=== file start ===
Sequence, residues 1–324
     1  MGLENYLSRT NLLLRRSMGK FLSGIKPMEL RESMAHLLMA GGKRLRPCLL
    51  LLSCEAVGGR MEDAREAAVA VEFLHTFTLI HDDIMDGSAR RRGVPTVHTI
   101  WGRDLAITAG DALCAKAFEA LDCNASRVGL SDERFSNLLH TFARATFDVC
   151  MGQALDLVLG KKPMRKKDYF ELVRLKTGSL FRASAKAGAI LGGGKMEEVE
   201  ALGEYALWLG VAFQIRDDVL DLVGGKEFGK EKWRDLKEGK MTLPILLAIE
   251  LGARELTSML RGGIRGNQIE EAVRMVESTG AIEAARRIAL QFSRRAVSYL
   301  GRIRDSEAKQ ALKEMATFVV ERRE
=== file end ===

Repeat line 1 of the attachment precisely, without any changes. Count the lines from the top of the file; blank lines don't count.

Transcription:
Sequence, residues 1–324